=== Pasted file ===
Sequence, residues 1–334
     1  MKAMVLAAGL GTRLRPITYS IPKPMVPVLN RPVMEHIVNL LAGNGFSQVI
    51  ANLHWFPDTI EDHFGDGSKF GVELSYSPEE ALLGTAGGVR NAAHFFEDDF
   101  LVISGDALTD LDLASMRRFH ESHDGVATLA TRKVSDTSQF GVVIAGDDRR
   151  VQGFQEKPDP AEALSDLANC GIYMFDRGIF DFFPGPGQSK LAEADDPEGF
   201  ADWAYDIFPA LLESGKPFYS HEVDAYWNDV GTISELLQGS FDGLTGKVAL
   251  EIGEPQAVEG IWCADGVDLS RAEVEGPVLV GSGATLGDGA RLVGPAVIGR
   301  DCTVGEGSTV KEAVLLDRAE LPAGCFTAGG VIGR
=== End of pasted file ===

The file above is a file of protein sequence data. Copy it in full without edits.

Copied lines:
Sequence, residues 1–334
     1  MKAMVLAAGL GTRLRPITYS IPKPMVPVLN RPVMEHIVNL LAGNGFSQVI
    51  ANLHWFPDTI EDHFGDGSKF GVELSYSPEE ALLGTAGGVR NAAHFFEDDF
   101  LVISGDALTD LDLASMRRFH ESHDGVATLA TRKVSDTSQF GVVIAGDDRR
   151  VQGFQEKPDP AEALSDLANC GIYMFDRGIF DFFPGPGQSK LAEADDPEGF
   201  ADWAYDIFPA LLESGKPFYS HEVDAYWNDV GTISELLQGS FDGLTGKVAL
   251  EIGEPQAVEG IWCADGVDLS RAEVEGPVLV GSGATLGDGA RLVGPAVIGR
   301  DCTVGEGSTV KEAVLLDRAE LPAGCFTAGG VIGR